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MassMATCH Quarterly News: Summer 2014

In This Edition:

Massachusetts Welcomes Floating Beach Wheelchairs

Thanks to Marcy Marchello for permission to reproduce this article from her wonderful blog Everyone Outdoors

Man floating in ocean in a Mobi chair. Over the past three summers floating beach wheelchairs have been multiplying at public beaches on Cape Cod. Soon they will become prevalent along the coast of Massachusetts from Cape Cod to Salisbury Beach on the New Hampshire border. Now anyone with a physical disability who would like access from a car across the sand and into the water can accomplish this task with ease, thanks to the amazing endeavor of two mothers of children with disabilities who comprise an organization called SMILE Mass.

SMILE (Small Miracles in Life Exist!) Mass is the creation of Lottie Diomede and Susan Brown. Together they are raising money through special events and donations to purchase Mobi-Chairs as part of their mission to improve the quality of life - and especially vacations - for people with disabilities and their caregivers. 64 floating beach wheelchairs have now been donated to beaches in 14 towns across Cape Cod. See the full list of the beaches with the beach wheelchairs. These wheelchairs are always free to use and are suitable for anyone with mobility issues, both children and adults alike. Susan and Lottie have big plans to continue placing Mobi-Chairs along the coast of New England, as well as other similarly inspirational projects in the works.

A recent out-of-state visitor to Kalmus Park Beach in Hyannis had a transformational surprise when beach staff noticed her handicap parking sticker and informed her of the new wheelchairs. She used the Mobi-Chair with her husband's assistance and was able to relax again in the ocean for the first time in 30 years. As she floated in the chair with a big grin, tears flowed down her face. "I feel free again!" she told lifeguards. These types of experiences, uplifting for all involved, are becoming common along the coast of Massachusetts!

SMILE Mass currently has a beach wheelchair loaner program for anybody who would like to take a beach wheelchair to their preferred vacation destination for 1-2 weeks. These chairs are easily transportable as they can quickly collapse and fit into the back of a minivan. Email SMILE Mass at to reserve a floating beach wheelchair!

Susan and Lotte have come to DCR's annual Adaptive Recreation Fair in Boston in recent years to raise awareness about their project. They've inspired DCR's Universal Access Program to begin purchasing Mobi-Chairs as well. We have 2 such chairs at Scusset Beach in Sandwich and soon 2 more will be placed at Salisbury Beach. The manufacturer recommends the use of life jackets for those floating in the chairs and it is advised that Mobi-Chairs be used in gentle wave conditions only. With these precautions in mind, don't miss out on getting into the ocean this summer!!!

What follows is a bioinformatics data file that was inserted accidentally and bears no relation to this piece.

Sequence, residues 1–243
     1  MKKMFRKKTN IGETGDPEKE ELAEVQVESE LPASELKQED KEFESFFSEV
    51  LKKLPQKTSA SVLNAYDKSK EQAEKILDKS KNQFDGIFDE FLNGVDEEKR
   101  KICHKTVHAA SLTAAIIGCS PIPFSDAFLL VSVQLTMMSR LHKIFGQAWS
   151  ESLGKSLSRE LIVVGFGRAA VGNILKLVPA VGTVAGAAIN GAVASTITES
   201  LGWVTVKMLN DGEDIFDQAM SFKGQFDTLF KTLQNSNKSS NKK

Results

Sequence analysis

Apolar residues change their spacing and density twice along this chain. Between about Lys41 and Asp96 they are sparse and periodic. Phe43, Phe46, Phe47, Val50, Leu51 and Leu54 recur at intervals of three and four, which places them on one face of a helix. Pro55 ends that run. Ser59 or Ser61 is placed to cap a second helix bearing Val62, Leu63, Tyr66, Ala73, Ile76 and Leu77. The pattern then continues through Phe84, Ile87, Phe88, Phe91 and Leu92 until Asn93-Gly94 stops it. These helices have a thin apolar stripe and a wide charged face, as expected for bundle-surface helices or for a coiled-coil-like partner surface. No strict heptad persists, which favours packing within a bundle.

Thank you Lotte and Susan!!!

Check out the Universal Access Program's summer schedule

Marcy Marchello is the program coordinator for the Dept. of Conservation and Recreation (DCR)'s Universal Access Program in Massachusetts State Parks

GetATStuff vs. REquipment

Which program is right for you?Recycling vectors as wheelchair wheels.

AT reuse programs make good sense. After all, reuse is a way for valuable assistive technology and/or durable medical equipment (DME) to find a second life with families or individuals who need it. Both REquipment and GetATStuff are reuse programs through MassMATCH. However, REquipment and GetATStuff operate very differently and can serve different needs and users. To know which program will work for you, let's take a look at what distinguishes their two approaches to reuse.

GetATStuff is the AT Exchange in New England. We refer to it as a "Craig's List" for AT because is a way to find all kinds of assistive technology for sale or donation--from wheelchairs and lifts to CCTVs and adapted tricycles. GetATStuff lists equipment from the six New England states, and occasionally outside of New England. All equipment obtained through GetATStuff is acquired "as is" directly from the user who has registered and posted the item. There is no transportation or delivery of equipment provided by the program, and devices are not usually refurbished. The program is about connecting people with one another, keeping equipment in circulation and (unlike Craig's List) within a community of AT users instead of scrap metal suppliers. The program has been in operation since 2007.